Crohn’s disease–related inflammation is characterized by reduced activity of the immunosuppressive cytokine

Crohn’s disease–related inflammation is characterized by reduced activity of the

immunosuppressive cytokine transforming growth factor β1 (TGF-β1) due to high

levels of SMAD7, an inhibitor of TGF-β1 signaling. Preclinical studies and a phase 1 study have shown that an oral SMAD7 antisense oligonucleotide, mongersen, targets ileal and colonic SMAD7.

Crohn’s disease is a chronic inflammatory illness that primarily affects the

terminal ileum and right colon. Crohn’s disease–related inflammation is segmental and transmural, leading to various degrees of tissue damage.


At disease onset, most patients have inflammatory lesions, which become predominantly strictures or penetrating lesions over time.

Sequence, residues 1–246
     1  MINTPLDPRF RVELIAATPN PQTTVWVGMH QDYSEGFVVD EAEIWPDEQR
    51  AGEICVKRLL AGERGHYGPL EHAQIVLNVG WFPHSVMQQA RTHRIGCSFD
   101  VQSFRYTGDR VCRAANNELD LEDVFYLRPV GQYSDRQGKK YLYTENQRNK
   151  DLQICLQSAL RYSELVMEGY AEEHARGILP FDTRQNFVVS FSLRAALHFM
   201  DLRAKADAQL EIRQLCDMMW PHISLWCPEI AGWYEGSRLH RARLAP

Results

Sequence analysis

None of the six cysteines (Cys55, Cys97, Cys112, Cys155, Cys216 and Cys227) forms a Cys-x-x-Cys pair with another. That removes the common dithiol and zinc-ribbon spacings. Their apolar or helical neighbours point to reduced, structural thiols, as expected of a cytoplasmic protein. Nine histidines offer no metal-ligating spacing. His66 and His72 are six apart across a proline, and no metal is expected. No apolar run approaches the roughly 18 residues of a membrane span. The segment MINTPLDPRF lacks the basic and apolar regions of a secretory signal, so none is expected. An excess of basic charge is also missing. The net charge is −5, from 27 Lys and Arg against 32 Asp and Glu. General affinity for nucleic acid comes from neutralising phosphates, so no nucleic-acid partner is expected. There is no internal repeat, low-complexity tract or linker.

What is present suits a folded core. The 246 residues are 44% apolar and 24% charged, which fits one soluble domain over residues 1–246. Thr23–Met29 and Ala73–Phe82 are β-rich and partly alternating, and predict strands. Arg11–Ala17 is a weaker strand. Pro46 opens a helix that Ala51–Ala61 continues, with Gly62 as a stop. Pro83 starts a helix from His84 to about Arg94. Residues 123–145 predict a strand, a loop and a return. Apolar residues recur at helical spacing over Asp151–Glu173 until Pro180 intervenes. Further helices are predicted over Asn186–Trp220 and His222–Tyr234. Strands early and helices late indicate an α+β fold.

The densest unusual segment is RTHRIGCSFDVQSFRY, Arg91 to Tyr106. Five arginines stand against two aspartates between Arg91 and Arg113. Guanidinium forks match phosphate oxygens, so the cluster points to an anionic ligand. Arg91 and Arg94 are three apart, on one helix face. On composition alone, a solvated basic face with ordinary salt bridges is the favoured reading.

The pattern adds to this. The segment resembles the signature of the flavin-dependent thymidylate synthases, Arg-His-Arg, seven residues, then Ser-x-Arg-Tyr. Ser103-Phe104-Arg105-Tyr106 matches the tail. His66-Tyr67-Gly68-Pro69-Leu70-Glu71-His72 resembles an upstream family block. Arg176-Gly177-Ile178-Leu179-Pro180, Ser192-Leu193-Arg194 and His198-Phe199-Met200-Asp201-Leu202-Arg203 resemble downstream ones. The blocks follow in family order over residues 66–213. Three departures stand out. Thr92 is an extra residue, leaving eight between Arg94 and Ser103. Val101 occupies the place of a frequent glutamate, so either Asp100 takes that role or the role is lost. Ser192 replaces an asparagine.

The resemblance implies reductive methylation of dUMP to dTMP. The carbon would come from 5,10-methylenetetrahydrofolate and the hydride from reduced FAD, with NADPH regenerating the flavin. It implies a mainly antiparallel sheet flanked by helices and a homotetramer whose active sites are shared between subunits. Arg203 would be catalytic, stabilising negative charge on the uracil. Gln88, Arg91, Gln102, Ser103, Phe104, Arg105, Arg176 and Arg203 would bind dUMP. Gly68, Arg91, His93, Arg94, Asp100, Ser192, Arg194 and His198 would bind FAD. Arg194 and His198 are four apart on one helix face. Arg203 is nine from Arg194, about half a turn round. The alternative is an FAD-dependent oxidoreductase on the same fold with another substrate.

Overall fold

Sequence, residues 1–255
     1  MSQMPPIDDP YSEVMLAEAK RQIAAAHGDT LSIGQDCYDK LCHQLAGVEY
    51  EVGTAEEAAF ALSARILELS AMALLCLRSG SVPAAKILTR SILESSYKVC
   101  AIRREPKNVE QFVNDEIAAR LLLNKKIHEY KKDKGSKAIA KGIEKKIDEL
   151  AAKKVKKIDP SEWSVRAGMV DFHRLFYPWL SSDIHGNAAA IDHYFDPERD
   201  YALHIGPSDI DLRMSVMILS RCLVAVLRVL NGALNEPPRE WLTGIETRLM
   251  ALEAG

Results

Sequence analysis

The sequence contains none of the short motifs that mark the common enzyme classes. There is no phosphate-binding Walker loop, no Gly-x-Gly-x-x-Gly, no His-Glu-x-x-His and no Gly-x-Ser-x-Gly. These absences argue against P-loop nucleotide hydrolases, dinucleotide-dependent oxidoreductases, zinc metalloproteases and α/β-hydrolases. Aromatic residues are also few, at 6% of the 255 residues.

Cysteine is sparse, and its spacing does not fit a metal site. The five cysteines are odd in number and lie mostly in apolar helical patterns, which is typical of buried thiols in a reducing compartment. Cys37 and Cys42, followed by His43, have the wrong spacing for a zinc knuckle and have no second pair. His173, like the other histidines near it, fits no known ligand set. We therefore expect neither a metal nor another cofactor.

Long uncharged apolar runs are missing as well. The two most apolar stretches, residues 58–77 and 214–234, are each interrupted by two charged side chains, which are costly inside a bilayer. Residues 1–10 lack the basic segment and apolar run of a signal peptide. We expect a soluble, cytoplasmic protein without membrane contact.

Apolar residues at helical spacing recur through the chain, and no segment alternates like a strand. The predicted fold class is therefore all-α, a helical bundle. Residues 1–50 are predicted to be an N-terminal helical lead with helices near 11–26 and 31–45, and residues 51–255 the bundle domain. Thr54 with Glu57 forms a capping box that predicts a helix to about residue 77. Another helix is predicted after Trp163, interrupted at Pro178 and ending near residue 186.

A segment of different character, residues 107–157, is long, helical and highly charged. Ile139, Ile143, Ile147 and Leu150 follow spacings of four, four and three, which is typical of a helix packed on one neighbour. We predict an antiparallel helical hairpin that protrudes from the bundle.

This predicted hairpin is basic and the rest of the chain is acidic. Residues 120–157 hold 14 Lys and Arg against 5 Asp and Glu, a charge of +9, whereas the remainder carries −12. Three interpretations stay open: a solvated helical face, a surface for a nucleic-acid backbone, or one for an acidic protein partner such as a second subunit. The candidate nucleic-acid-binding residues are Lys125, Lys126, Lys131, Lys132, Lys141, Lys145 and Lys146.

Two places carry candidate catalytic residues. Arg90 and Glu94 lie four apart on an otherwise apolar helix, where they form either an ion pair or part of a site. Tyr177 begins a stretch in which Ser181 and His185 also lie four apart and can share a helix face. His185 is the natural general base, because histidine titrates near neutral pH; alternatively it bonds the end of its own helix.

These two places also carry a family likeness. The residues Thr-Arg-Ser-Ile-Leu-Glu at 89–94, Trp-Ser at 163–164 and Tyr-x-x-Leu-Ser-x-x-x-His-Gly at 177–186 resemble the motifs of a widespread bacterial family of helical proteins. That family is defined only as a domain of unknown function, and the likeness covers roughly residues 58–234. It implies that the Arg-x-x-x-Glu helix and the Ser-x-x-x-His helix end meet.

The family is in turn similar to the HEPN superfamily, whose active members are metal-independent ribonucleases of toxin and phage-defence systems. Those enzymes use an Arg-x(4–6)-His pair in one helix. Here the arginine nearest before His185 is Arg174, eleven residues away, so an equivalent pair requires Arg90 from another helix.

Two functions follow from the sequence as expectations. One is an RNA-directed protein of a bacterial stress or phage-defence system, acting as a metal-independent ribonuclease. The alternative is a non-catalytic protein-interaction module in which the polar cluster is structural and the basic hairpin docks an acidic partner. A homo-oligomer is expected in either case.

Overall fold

Mucosal healing can be promoted with the use of immunosuppressive drugs and anti–tumor necrosis factor α (TNF-α) antibodies; however, more

than one third of patients do not have a response to these therapies.


The efficacy of these drugs may also diminish over time, and they can increase a patient’s risk of opportunistic infections and cancer.

Therefore, there is a need for novel drugs that target the major inflammatory pathways in Crohn’s disease.


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